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  • Samuel at Gilgal

    This year I will be sharing brief excerpts from the articles, sermons, and books I am currently reading. My posts will not follow a regular schedule but will be published as I find well-written thoughts that should be of interest to maturing Christian readers. Whenever possible, I encourage you to go to the source and read the complete work of the author.

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Archaeology and Genesis

Over the centuries there have been many attacks against the Word of God. Yet, God has seen to it that His Word abides; while the attacks are vanquished and soon forgotten. Edward J. Young provides evidence of this:

Someone has aptly compared the Bible to an anvil against which the hammer blows of unbelief are constantly beating. But although the hammers crack and break frequently, and must be replaced, the anvil stands. It cannot be shattered. . . .

Toward the close of the last century there lived truly gifted and brilliant German scholar by the name of Julius Wellhausen. . . .

Wellhausen’s assaults upon the book of Genesis were extremely severe. He was particularly insistent that the background of the patriarchal narratives did not represent an accurate picture. He considered this background, as it is presented to us in Genesis, not to be an accurate reflection of the times of the patriarchs, but rather of the period in which it was written down, several hundred years later. . . .

In 1925 excavations were carried on at a place in Mesopotamia known today by its Turkish name of Yorgan Tepa. In ancient times, however, this place bore the name of Nuzi (pronounced Newsy), and proved to be a center of the ancient Hurrians, mentioned in Genesis 14:6 as the Horites. Incidentally this mention of the Horites [Hittites] was long regarded as an inaccuracy. Now, however, at Nuzi, a settlement of these people has been discovered.

What is of particular interest for our purpose is the fact that great numbers of clay tablets were unearthed at Nuzi, which proved to be business documents. They are now known as contract tablets, for they contain the records of ancient business contracts. . . .

As a result of the excavations it is now possible to know quite a bit about some practices of the Hurrians. For one thing, a citizen of Nuzi could not sell land. If, therefore, one wished to purchase land he could not simply go to a realtor, as we do, and buy the desired property. Instead, as a result of this restriction, there was a legal fiction by means of which it was possible to get around the difficulty. In brief, the way it worked was this. If I wish to obtain your land, I cannot buy it; I can, however, have myself adopted as your son. If I am thus adopted, I shall become the heir, and the land will be willed to me. In return for this, I can give a gift to you. . . .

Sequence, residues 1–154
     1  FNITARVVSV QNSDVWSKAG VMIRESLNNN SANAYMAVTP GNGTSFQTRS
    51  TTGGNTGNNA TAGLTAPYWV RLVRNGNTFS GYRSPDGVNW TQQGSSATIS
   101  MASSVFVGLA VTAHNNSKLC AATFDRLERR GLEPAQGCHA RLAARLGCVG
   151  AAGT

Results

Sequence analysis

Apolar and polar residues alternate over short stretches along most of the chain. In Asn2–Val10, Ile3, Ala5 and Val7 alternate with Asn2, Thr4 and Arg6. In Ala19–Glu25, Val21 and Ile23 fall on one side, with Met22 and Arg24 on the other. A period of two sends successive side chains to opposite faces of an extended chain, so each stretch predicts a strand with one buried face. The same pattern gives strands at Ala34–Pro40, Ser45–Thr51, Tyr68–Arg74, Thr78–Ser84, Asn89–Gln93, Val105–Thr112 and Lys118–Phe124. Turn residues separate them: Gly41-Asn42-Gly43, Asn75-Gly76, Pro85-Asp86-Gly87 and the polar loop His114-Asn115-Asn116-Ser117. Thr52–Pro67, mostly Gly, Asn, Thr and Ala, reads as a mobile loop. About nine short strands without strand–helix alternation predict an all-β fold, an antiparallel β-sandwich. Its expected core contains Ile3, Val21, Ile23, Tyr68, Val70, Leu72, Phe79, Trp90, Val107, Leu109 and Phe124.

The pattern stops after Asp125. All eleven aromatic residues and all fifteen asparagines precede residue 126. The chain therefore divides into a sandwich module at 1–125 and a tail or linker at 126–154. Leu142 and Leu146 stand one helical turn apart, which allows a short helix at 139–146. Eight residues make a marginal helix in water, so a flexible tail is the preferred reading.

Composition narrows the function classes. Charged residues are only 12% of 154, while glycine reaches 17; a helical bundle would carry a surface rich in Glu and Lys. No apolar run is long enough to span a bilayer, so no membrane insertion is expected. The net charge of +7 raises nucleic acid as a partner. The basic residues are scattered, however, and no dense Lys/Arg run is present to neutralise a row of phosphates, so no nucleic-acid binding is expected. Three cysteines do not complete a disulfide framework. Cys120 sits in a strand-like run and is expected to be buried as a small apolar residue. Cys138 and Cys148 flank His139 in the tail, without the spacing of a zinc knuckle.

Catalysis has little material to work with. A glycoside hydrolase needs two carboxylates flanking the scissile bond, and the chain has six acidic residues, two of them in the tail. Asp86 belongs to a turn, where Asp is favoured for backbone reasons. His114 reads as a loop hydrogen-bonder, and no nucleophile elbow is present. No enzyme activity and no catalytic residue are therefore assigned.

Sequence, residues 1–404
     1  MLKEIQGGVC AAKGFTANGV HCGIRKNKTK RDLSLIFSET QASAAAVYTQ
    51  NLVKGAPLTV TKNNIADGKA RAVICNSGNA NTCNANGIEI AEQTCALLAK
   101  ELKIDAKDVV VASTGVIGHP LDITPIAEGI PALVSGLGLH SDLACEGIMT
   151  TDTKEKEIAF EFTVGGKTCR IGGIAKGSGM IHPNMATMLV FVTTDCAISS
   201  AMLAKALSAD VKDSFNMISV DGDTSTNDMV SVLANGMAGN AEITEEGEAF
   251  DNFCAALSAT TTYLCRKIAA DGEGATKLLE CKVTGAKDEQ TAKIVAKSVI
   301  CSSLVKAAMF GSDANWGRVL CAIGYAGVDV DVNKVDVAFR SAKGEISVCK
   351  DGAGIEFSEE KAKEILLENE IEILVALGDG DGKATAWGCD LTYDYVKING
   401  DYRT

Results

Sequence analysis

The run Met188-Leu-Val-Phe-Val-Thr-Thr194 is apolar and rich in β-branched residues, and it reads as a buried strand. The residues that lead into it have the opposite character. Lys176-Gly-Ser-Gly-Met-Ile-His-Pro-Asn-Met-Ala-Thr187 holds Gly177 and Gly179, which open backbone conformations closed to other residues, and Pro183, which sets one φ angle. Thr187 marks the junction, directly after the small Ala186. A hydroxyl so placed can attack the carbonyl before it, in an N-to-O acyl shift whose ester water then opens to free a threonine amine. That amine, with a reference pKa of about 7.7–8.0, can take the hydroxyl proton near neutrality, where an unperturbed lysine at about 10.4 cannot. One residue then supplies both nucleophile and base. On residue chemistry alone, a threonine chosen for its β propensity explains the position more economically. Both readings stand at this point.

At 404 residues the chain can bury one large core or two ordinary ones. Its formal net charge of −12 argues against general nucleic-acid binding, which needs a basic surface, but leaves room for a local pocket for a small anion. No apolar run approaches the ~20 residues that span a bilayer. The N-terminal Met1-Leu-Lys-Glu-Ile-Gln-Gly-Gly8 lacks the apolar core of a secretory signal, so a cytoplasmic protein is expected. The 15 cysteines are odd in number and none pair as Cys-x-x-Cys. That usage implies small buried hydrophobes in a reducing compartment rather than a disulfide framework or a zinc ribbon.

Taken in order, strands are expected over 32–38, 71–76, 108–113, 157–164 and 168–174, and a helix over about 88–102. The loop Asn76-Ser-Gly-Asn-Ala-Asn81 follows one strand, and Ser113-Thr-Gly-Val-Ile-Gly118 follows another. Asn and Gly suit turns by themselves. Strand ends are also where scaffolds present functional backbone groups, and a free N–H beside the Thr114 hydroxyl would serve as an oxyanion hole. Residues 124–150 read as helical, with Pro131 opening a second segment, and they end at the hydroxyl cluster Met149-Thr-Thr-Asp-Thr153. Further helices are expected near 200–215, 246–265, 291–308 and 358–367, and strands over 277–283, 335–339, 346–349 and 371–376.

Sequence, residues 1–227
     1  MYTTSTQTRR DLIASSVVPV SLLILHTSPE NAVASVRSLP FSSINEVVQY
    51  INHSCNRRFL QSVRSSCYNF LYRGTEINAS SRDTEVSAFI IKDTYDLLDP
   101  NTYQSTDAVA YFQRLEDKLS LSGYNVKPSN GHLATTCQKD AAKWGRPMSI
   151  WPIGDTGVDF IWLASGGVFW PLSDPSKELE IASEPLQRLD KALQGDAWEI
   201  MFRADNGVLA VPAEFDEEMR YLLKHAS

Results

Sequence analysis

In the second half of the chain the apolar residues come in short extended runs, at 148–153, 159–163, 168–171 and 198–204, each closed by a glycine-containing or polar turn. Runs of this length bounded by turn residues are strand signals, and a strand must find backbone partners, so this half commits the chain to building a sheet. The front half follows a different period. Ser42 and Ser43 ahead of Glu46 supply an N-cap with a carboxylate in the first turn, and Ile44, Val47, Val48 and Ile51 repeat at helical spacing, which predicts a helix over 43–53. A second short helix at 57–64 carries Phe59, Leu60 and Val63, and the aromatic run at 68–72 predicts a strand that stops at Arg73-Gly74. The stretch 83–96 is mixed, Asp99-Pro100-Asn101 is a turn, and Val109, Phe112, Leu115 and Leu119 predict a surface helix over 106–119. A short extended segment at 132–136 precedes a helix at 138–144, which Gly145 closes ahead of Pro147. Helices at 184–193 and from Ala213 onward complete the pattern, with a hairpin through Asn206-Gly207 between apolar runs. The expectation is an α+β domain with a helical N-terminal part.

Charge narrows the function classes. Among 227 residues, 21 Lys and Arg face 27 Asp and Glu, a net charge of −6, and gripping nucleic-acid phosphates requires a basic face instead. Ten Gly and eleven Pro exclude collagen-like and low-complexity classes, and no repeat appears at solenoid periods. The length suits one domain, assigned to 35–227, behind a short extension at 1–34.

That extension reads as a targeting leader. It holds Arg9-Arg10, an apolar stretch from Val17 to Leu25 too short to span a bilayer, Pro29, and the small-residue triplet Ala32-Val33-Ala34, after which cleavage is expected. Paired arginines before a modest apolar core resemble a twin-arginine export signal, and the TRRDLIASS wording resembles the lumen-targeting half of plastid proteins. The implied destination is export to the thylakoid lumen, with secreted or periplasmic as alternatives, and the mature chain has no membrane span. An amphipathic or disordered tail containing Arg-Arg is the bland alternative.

Genesis 15:2, 3 has long been a difficult section of Scripture to understand. As we learn from the Nuzi tablets, it was the custom for a couple who were without children to adopt someone who in return for being made the heir would take care of them in their old age and see to it that they were given a decent burial. Eliezer of Damascus had evidently been adopted by Abraham to be his steward, to manage his affairs and possibly to give him burial. According to the practices of Nuzi if an heir should later be born, the adopted son would have to give way to the heir. In the light of this provision we may understand the language of the Lord, “This [i.e., Eliezer] shall not inherit thee, but he that shall come out of thy loins shall inherit thee.” Abraham was simply acting in accord with the customs of the time.

Not only the Nuzi texts, but also the now famous Code of Hammurabi sheds light upon the type of thing that Abraham did in taking Hagar to be his concubine. It was the custom, apparently, when the legal wife was barren, for such a wife to provide her husband with a concubine in order that a seed might he raised up. . . In providing Abraham with a concubine Sarah was simply acting in accordance with the customs of the time. The same is true of the action of Rachel (Genesis 30:3) when she provided Jacob with a concubine, Bilhah.

As might be expected, such a practice was not likely to bring about happiness, and we read that Sarah wished to drive Hagar out. In this, however, she was going contrary to practice. . . Despite the fact that Sarah was violating custom, the Lord spoke to Abraham, “Let it not be evil in thine eyes, because of the land and thy handmaid. In all that Sarah saith to thee hearken unto her voice, for in Isaac shall thy seed be called” (Genesis 21:11, 12). (Edward J. Young, The Accuracy of Genesis, [March 1957]: 23-26)

Joseph’s Price as a Slave

Archaeology and the Bible:

Joseph‘s price as a slave was 20 shekels (Genesis 37:28), which, according to trade tablets from that period is the correct price for 1,700 B.C. An earlier account would have been cheaper, while a later account would have been more expensive.

Crucial Find in Northeastern Iraq

Archaeology and the Bible:

A crucial find in Nuzi (northeastern Iraq), was an entire cache of Hittite legal documents from 1400 B.C. They confirm many details of Genesis and Deuteronomy, such as:

(a) Siring of legitimate children through handmaidens,

(b) Oral deathbed will as binding,

(c) The power to sell one’s birthright for relatively trivial property (Jacob & Esau),

(d) The need for family idols, such as Rachel stole from Laban, to secure inheritance, and

(e) The form of the covenant in Deuteronomy exactly matches the form of suzerainty treaties between Hittite emperors and vassal kings.